Why anger? Is suicide seen as the ultimate form of betrayal? Is it that on the surface it appears that those who committed the act had a choice? I read a blog a few weeks ago in which the blogger’s condemnation of Robins William’s suicide was pretty apparent. My sense is that he is not alone in this rush to judgement around those who commit suicide. He talked about suicide as being an unequivocally selfish act. This choice has the consequential distinction of igniting a wake of grief that in its torturous nature is one of the hardest losses to process. It can haunt loved ones for years with unanswered questions, guilt, and unyielding heartache.
Anger is totally understandable when someone you love chooses suicide but let’s try to open our hearts for these sensitive ones. Do you really think that anyone in their right mind would choose to commit suicide? The point is that they are not in their right mind when they do this. I think these tortured souls need our compassion, love and understanding rather than our judgement and condemnation.
My sister called me other day, her voice had a somber quality, I wondered what could have happened for her to sound so grim. She told me that a very close friend of hers had just committed suicide. There was no warning, no note, no apparent reason for him to do this. She was clearly in shock and angry with him for taking his life. Through many conversations with her over the past few weeks in particular I felt I had a pretty clear picture of what a unique and exceptionally endearing man he was. I cried when she told me; I found it heartbreaking and so hard to believe he could have done that, so out of the blue. From all appearances he seemed to have it all. He has left his extraordinary wife and life partner whose life was so intricately interwoven with his. My heart bleeds for her and what she must be going through. I know full well that place of utter and complete disbelief, shock and heartbreak. That sick sinking feeling that floods your system when you go to bed at night and wake up in the morning. That surreal feeling that follows you throughout your day.
People have asked me over the years if I was angry with Claude for killing himself. For the most part I have not been angry since I knew his emotional state intimately at the time of his death. Believe me; at that point he was not Claude anymore. I have had some anger but it took a long time to admit that. I had a front row seat to his decline and understood that from his perspective this was the only way he would get any relief from the physical and emotional pain that he was in. However, rather than anger being the prevailing theme for me since Claude’s death, it has been the trauma of finding him, intense pain and heartbreak over losing my beloved husband and my son’s father. I totally get why he did. If you are interested in hearing about the details that lead to his death you can find them in my post “Claude’s Path To Suicide” August 2016.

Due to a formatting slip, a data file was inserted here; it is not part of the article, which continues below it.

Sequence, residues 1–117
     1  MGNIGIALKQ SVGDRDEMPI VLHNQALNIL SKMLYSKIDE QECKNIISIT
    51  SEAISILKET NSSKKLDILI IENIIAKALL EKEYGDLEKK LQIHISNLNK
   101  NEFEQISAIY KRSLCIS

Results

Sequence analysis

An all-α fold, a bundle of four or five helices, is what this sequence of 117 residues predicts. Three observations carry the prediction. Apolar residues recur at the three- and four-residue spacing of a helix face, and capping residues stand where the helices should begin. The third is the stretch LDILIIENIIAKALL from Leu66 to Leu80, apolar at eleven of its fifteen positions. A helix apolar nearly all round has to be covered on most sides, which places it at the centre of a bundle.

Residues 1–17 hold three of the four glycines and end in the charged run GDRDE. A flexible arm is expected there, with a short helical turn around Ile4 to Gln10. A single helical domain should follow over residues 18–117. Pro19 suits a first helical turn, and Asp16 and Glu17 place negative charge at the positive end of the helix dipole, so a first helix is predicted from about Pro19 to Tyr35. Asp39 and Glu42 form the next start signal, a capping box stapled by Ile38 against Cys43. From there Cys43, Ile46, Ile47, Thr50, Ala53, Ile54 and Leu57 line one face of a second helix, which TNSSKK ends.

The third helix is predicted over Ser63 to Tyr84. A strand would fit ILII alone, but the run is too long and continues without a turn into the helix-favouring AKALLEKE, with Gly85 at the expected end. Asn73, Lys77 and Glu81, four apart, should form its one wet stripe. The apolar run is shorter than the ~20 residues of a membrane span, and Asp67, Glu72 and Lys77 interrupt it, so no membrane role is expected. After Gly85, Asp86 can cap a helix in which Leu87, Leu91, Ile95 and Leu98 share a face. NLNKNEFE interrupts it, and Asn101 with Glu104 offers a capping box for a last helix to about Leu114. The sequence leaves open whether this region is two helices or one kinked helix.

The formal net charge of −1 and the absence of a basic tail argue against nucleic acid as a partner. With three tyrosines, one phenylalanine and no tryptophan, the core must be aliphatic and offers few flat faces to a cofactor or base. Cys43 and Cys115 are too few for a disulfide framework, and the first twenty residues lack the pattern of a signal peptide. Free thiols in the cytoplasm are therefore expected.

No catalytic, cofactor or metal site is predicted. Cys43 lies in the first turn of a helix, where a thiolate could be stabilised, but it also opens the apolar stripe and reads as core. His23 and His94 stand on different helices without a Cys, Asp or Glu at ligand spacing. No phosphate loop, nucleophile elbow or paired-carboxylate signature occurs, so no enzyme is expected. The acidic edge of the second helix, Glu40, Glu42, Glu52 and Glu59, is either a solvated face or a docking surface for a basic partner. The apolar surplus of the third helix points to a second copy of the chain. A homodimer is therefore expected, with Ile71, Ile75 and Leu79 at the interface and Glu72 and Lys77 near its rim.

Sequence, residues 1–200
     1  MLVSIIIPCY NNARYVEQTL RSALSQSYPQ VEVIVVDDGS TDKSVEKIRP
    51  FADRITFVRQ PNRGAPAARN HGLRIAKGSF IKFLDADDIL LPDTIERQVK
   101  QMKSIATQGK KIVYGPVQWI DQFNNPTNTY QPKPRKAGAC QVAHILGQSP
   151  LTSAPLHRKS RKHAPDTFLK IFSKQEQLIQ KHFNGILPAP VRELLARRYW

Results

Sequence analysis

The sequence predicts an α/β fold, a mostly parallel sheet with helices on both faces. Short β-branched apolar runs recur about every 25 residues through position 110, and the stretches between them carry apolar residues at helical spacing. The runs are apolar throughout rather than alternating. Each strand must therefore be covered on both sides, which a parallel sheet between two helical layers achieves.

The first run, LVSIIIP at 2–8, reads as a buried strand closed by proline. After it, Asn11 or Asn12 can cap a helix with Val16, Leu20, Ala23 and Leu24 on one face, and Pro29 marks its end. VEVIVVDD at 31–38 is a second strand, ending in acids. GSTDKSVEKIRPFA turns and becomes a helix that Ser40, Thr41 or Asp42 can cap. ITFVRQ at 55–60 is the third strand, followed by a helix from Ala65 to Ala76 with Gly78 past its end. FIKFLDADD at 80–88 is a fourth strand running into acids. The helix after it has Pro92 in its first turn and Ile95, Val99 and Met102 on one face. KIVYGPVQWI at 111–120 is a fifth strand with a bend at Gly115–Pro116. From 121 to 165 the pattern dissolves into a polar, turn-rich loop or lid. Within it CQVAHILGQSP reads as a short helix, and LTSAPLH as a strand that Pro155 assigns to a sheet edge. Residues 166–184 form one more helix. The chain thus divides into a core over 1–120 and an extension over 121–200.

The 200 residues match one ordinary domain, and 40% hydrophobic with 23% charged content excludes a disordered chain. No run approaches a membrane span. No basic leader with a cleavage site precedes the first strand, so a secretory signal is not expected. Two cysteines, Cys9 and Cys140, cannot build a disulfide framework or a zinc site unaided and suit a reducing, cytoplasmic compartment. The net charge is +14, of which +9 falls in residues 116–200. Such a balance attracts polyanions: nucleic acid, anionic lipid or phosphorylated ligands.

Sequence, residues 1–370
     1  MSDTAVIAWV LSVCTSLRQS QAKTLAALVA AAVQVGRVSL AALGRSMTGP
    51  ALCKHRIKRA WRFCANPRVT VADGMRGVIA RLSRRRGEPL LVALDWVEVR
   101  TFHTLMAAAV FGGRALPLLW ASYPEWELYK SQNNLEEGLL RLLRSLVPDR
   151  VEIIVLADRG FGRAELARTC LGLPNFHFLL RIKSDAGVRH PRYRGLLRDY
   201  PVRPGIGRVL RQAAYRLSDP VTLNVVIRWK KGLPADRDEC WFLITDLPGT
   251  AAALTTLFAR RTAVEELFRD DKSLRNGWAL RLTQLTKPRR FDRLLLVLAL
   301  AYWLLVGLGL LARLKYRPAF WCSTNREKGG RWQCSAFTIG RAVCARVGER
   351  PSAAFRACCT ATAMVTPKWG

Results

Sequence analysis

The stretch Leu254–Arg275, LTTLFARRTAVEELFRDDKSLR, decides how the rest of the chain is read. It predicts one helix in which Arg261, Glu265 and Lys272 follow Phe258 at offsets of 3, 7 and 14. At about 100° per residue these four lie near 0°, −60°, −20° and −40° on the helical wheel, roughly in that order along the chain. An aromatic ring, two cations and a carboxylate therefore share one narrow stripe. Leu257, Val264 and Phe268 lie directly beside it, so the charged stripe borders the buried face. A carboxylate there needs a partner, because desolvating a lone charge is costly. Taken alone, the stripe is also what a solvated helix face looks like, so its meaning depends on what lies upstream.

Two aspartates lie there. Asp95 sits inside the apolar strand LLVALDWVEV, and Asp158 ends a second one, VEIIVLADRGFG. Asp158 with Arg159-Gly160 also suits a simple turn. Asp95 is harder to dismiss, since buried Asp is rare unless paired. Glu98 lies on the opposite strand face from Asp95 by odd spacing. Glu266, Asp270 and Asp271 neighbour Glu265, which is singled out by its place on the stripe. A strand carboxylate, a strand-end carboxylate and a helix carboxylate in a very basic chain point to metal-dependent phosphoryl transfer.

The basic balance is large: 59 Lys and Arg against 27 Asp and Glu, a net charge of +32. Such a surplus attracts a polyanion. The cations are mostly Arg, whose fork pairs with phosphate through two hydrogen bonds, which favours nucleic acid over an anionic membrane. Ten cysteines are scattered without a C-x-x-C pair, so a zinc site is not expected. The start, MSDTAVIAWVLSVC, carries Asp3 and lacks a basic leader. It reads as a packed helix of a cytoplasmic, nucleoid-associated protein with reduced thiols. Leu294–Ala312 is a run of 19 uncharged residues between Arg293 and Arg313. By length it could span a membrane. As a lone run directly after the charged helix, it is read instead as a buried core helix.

But yes; dispite my understanding of why he did it anger has been floating around through my grieving process; it seems unavoidable. Here are some of the things that have ignited anger within me:
The moment I found Claude hanging from the rafters in our attic a stream of entangled emotions flooded through me, anger being right up there with the rest. I remember thinking: You can’t take this back Claude, this is final, I will never see you alive again, how could you have done this?
I felt angry that he did not tell me he was considering taking his life. We always discussed the big life changing decisions in our lives. It felt especially piercing since I was just on the phone with him within an hour of him doing this. His last words to me were “I’ll see you when you get home”. I felt angry and hurt that his last words were not “I love you” he clearly knew that our conversation would be our last. Ouch!!!
I found a small clear plastic bag from the local home improvement store days later on top of a bin in the attic. The police had missed it I guess when they gathered everything up during their investigation. When I found it I knew immediately that it was the bag that held the rope that Claude used to hang himself. My heart sunk, I felt a rush of heat fill my body and I felt sick to my stomach. I thought “what the f**k, he actually went to the store to buy the rope!?” I guess I just figured he took a piece of rope from our garage. To me that would have felt less calculated, which somehow would have felt better to me. I envisioned him walking through the doors of the store that we had walked through together countless times over the years during all our home renovation projects. I tried to imagine what it must have been like for him to walk in there, going over to the bulk spools of rope, asking the associate to cut the piece that would ultimately drain the life from his body. If only the person knew what Claude had planned for that innocuous piece of rope. Was he calm and certain with his resolve, was he nervous and questioning if he should really do this? That, of course, will remain a mystery that is impossible to solve.